Lisa Marker Robbins 18:39
As people who work for with families in this space, we’re always saying like, start early, have a plan. You know, my desire is sophomore year, let them be freshmen. But sophomore year, even if it’s just planning what we need to do, or getting our budget in line is important for all families. But as I’m hearing you, and my gosh, if we want to, there’s more to do, there’s more to figure out the budget becomes a little more complicated. So you need even a longer runway, right? You’re not going to just throw this together summer before senior year and be able to make good informed decisions on what programs are going to meet these special needs. Yeah, it’s
Eric Endlich 19:20
never too late to start working on it. We’re happy to work with families at any point in high school. If you have all of junior year to do that college list and learn about these other things. That’s great. If you start earlier, then you can be working on college readings too, as well as exploring your interest for a student who maybe has defined interests, that gives them a lot of time to pursue those interests, narrowed down what they want to do in college and beyond and kind of established that so that they can demonstrate that to colleges. You’re trying to get into a more competitive nature like computer science or engineering, and you’ve taken the time to engage in activities that demonstrate If that and build your skills, you’re going to be able to make a stronger case than the student who just sort of declares that in senior year but hasn’t really done anything with it.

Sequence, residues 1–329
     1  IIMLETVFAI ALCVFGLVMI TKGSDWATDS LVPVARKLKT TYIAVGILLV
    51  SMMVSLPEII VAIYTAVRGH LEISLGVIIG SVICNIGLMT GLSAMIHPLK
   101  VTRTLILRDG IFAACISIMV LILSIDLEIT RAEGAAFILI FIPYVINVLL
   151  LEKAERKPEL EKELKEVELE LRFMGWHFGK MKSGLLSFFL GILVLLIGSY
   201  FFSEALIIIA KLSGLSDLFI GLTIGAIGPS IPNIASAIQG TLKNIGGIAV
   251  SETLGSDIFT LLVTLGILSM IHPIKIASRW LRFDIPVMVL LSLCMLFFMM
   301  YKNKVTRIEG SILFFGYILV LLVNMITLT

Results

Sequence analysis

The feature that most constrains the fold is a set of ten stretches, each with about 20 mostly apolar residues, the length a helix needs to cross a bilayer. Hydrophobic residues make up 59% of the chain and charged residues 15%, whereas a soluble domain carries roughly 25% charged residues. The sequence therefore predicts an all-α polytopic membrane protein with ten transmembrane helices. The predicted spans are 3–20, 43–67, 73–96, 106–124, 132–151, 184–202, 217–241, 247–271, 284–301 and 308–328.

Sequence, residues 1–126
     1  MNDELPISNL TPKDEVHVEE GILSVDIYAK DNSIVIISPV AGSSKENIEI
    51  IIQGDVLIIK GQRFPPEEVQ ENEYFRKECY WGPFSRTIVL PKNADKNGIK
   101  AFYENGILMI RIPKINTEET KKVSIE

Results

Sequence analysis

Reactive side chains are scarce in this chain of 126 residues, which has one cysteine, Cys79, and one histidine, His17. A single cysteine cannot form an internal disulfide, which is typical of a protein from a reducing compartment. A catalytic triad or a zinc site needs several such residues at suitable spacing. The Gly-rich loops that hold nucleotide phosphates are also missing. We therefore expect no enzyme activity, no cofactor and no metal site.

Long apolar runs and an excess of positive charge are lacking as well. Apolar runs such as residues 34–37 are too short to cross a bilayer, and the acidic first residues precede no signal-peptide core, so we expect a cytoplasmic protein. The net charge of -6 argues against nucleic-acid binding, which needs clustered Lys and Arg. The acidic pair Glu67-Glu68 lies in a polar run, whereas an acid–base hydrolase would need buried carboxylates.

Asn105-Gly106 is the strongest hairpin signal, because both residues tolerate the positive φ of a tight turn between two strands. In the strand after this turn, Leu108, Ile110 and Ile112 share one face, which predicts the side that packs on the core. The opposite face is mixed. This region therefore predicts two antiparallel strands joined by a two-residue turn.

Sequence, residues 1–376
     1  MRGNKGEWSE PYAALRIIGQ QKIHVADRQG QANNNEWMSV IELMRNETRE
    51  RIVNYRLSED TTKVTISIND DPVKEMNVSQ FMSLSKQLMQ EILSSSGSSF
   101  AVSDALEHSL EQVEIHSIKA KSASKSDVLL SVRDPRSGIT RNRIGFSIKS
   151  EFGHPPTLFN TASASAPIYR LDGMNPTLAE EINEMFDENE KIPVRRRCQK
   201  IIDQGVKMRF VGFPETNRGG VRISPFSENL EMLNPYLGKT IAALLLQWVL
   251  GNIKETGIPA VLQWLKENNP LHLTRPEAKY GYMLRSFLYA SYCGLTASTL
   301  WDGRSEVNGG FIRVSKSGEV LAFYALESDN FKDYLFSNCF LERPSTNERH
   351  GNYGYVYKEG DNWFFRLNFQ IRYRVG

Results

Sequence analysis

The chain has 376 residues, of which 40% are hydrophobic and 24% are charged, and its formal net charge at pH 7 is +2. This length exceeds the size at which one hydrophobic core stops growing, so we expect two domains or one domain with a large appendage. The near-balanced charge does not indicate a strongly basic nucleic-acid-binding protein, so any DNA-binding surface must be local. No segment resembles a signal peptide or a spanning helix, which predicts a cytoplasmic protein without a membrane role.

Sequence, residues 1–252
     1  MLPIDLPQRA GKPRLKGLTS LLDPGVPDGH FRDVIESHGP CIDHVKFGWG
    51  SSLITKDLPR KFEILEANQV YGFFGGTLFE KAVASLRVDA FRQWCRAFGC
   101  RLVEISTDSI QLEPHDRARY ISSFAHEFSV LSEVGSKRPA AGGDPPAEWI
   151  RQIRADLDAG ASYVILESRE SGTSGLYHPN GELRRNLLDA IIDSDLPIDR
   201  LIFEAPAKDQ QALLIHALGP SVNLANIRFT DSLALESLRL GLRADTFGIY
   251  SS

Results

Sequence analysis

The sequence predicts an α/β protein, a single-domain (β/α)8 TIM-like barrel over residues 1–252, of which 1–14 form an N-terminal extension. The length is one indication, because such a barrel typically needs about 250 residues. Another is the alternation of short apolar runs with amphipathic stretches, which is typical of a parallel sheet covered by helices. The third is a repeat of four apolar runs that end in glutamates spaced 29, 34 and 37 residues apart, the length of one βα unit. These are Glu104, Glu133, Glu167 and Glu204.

Lisa Marker Robbins 20:08
Sometimes I get clients who, and this gets a little sticky, the student is on a 504. IEP, they’re getting support, and they’re benefiting from that support. But when it comes time to like a CT and se t testing and applying to college, they get nervous about disclosing that to the colleges. And so I’m curious what advice you would have for those students?
Eric Endlich 20:34
Well, that testing is a really important topic in itself, which is separate from disclosing to colleges, if you are, say, entitled to extra time on test at school, and you have that built into your 504. IEP, by all means, why wouldn’t you want to pursue that on the AC T or the LSAT? The LSAT, you know, and you might have extra time on tests, not because of dyslexia or learning disability, but because of anxiety. One of the accommodations you can get on the LSAT is breaks during the test, you know, maybe you’re getting overwhelmed with anxiety during the test, and you need more time. That’s one of the accommodations you can potentially get on the LSAT, for example. So by all means pursue those accommodations on the standardized tests, colleges are not going to see that that is invisible to them. So they won’t know that you had 50% extra time on the AC t right. LSAT,
Lisa Marker Robbins 21:25
your score report looks just like everybody exactly.
Eric Endlich 21:28